A User’s Guide to Understanding and Employing Systems

Systemic Work & Constellations is both easy and logical. And it is also complex, multi-generational and multi-layered. I often get asked for a quick User’s Guide for navigating systems themselves, so here it is.

To be able to use a system to our highest advantage, we first need to know what one is and how it operates. A system is a grouping of elements within a common base. For example, your family members form a family system. Our laws form a legal system. Roads and highways form a transportation system. Planet Earth and all the other planets form our solar system.

Obviously, we are all part of many systems simultaneously. However, our family system has the greatest mental, emotional, physical and spiritual influence upon us. Therefore, it is considered the primary influence and pattern maker in our lives. This is true, even when we don’t know our family consciously and/or are adopted. Religions, cultures, countries, businesses, economic systems and more are secondary systems that have a strong effect—just not one equal to that of our genetic family and the family that raised us.     

All systems have their own languages, governing principles, patterns, and rules. The systemic approach takes every aspect and member of the system in its entirety into account when dealing with an issue within the system. No one member of a system stands alone, in isolation from the whole without it affecting the rest of the system. Everyone belongs. The system itself is a whole—the sum total of its many aspects and parts.

Systemic facilitators use a 3D mapping process known as “a constellation” to dimensionalize issues and reveal previously unknown/invisible patterns, relationships, images, and ideas we carry about events and other members of the system, as well as our conclusions and reactions to them. If we imagine a family system being like a star constellation in the night sky, you get the idea. Each family member has a “fixed” position within the family system/constellation in relation to all the other members (stars).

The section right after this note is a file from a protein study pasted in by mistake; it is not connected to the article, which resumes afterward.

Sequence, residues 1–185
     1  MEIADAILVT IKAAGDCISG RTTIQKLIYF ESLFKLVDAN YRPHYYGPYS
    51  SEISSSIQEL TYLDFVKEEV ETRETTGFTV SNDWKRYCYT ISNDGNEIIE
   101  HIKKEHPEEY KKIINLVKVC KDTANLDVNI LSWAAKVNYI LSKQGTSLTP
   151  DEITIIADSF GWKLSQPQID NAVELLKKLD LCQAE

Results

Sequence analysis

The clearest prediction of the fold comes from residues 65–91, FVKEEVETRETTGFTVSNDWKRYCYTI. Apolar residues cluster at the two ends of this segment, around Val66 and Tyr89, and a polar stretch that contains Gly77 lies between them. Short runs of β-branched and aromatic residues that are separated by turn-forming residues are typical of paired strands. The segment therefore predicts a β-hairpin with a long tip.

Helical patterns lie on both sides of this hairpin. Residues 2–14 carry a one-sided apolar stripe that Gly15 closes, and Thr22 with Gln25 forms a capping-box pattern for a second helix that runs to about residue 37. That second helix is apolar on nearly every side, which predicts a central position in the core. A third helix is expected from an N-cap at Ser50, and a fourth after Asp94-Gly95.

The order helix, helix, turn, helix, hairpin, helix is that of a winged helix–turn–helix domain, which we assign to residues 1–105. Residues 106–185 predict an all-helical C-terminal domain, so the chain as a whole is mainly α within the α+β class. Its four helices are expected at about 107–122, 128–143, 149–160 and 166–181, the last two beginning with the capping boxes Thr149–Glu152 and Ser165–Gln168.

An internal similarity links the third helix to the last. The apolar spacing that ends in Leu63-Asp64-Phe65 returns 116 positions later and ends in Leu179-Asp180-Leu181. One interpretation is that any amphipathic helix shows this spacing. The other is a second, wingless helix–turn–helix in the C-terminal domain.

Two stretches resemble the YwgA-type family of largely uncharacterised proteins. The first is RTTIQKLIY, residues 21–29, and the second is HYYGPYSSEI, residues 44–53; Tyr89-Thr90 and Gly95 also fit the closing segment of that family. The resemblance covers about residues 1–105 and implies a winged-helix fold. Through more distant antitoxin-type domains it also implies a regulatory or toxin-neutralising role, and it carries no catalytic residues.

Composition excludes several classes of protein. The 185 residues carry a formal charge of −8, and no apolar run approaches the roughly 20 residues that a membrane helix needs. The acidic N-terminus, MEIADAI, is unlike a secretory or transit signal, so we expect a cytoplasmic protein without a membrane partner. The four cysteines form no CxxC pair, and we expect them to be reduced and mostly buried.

(I will outline a DIY constellation in the next blog this month so you can do one on a personal issue for yourself. So, stay tuned!)

However, patterns are unique to every member of the family system. Why? Because your mother, father, brother, sister and Aunt Alice all have their own unique experiences and relationship dynamics growing up in your family system. So, how each one of these family members views the family system itself is going to be different. If asked to create a constellation, every member of the family would create a different-looking pattern!

The point is, creating a physical image using representatives to stand in for family members, (you can use people, pieces of paper with family member names written on them, playing cards, whatever you can come up with) enables you to explore your family system and the relationships, tensions, opportunities and issues within it. But remember, the constellation you create will reflect the family system as you unconsciously perceive it.

The key word here is “unconsciously.” The whole purpose of a constellation is to give you the opportunity to identify (make conscious) the decisions, wounds and obstacles and/or opportunities and issues that are there for you. It’s an experiential approach that enables you to explore “what is” in order to move to “what’s possible” by making the unconscious conscious and the invisible visible.

This multisensory approach facilitates an embodied experience and visceral “ahas!” that shift perception, spark the brain to start rewiring, stimulate the heart to open and the gut to relax. By allowing unconscious patterns to reveal themselves in a constellation, both mind and body align to a new truth, igniting new possibilities.

Stay tuned for my next blog where I’ll show you how to create a family constellation and examine an issue for yourself!